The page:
Doctors, nurses and other health care professionals have long worn traditional blue scrubs during work shifts lasting as long as 12 hours.
In recent years, that visual monotony has been broken up by imaginative patterns, colors and styles – even designer ware.
Last week, Skechers USA Inc., known for its popular youth-oriented shoes, decided to get in on some of the health care action, signing a licensing agreement with Strategic Partners Inc., a maker of medical apparel for multiple labels.
“The line will represent the fashionable, fun and feminine side of caregivers,” said Wendell Mobley, a spokesman for Strategic Partners, based in Chatsworth. “It will provide people who often are in scrubs for up to 12 hours per shift the opportunity to allow their style sense into their jobs.”
Skechers, based in Manhattan Beach, already sells some of its sturdier shoes and slip-on footwear to hospital and health care workers through third-party distributors.
The company did not respond to requests for interviews, but President Michael Greenberg, said in a statement that the new medical apparel line “perfectly complements our workplace footwear offerings and will be a fantastic extension to the Skechers brand and lifestyle within medical environments.”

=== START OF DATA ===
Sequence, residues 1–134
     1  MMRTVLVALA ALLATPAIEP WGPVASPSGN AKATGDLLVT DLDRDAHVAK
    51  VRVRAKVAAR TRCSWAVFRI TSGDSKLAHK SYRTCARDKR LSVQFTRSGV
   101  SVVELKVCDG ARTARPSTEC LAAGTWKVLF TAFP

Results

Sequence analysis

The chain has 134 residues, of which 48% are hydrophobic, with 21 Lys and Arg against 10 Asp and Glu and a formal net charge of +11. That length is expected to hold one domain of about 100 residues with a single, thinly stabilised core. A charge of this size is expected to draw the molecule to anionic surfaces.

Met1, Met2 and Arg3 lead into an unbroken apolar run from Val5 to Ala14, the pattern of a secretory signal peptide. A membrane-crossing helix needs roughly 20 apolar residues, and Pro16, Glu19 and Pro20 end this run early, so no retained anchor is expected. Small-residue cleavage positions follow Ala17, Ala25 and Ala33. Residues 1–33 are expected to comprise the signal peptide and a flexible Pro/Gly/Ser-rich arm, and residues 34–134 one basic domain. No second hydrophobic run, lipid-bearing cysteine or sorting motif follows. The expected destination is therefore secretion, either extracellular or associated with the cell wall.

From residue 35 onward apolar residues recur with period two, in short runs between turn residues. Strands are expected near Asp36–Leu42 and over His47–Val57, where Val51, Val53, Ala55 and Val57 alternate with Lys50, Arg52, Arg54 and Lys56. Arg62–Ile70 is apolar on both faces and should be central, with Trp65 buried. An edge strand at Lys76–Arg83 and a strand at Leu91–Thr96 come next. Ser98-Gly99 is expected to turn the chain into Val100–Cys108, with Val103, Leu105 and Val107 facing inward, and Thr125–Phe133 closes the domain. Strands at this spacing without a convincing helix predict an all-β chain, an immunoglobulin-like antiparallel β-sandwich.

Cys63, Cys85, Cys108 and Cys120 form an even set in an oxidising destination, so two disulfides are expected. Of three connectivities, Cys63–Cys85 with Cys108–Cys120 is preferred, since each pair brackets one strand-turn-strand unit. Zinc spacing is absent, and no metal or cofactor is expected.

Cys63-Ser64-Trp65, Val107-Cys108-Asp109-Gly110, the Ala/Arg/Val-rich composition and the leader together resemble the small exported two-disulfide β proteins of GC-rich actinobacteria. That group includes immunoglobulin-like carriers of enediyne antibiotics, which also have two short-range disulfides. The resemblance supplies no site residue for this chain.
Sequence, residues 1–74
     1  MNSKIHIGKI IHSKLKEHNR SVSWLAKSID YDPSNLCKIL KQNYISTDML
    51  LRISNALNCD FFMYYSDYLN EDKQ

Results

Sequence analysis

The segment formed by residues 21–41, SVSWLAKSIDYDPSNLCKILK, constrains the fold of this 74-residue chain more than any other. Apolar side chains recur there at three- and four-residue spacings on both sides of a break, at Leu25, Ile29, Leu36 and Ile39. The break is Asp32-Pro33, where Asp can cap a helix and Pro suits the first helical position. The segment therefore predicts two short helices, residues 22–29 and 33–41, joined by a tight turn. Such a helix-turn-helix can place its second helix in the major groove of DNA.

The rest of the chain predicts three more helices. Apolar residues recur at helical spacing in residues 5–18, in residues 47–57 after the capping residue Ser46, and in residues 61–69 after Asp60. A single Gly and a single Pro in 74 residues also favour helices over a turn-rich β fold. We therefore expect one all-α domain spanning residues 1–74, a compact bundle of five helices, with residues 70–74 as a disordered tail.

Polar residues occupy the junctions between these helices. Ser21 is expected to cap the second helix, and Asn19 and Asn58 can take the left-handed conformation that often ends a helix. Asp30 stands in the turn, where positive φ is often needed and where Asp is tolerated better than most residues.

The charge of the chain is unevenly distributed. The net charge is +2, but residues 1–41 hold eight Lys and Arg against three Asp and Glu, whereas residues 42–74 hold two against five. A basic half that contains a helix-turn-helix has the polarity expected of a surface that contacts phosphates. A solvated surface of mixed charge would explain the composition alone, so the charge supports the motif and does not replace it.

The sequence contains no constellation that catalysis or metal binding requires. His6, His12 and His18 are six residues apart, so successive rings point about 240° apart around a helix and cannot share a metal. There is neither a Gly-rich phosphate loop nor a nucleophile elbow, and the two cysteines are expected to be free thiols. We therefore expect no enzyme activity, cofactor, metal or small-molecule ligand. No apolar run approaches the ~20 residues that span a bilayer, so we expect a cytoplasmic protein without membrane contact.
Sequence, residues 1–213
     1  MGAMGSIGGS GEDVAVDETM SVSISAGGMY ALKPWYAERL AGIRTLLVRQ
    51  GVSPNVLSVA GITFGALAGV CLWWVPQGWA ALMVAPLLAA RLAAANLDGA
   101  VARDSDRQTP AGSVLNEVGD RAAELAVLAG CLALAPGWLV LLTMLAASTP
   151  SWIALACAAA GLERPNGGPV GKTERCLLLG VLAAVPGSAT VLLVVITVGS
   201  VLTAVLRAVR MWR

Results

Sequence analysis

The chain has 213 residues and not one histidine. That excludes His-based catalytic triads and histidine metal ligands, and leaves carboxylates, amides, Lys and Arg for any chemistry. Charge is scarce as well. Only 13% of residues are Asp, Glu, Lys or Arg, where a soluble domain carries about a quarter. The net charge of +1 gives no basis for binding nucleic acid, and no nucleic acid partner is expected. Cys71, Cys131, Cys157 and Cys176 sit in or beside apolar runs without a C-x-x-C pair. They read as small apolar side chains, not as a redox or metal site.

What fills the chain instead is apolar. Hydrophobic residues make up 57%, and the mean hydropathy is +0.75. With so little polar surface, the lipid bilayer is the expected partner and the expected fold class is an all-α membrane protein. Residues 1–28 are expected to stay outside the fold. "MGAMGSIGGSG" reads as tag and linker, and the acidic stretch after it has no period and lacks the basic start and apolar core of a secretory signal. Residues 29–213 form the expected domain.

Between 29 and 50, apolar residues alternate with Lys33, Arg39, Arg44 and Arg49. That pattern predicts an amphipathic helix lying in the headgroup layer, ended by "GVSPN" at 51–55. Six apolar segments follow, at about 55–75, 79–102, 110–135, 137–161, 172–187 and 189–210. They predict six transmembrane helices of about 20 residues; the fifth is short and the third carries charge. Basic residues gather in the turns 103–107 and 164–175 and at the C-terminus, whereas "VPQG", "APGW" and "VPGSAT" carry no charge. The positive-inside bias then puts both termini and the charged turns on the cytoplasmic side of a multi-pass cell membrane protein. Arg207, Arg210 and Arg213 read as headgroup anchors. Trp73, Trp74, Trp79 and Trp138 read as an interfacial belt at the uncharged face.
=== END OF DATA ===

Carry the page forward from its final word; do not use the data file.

The medical apparel business has gotten surprisingly crowded in recent years, with brands as diverse as Baby Phat, Disney and the National Football League licensing their names to Strategic Partners. (Health care is one of the few domestic industries with certain long-term growth prospects.)
Skechers’ line will include ready-to-wear scrubs, pants, jackets and T-shirts. A press release describes it as a “younger, more flattering fit than traditional medical apparel … through innovative silhouettes, prints and fabrications.”
Strategic Partners will design and distribute the line, called Sketchers Medical Apparel, through independent uniform retail stores and catalogs beginning in January. The line will be priced from about $20 to $24, a bit more costly than traditional medical apparel.
Sam Poser, an analyst who follows the shoe company for Sterne Agee, based in Birmingham, Ala., described the Skechers move as positive, but not material.
“What they’re hoping is that more people become aware of Skechers because of it and then buy more of their regular shoes,” he said. “They’re not making anything. They’re just putting their name on something and getting money out of it. Skechers is moving into a new area to become a stronger company, but it’s just free money for Skechers.”
Poser described the shoe company as “very healthy” with a share price that has rebounded steadily after plummeting in February amid the nationwide slump in retail sales. Shares closed at $23.48 on Nov. 12, close to the 52-week high of $25.30 achieved in October. In March, shares sold for as little as $5.27.
For the third quarter ended Sept. 30, the company reported net operating income of $32.4 million, up from $24.7 million in the third quarter of 2008. Sales were up less than 1 percent to $405 million.
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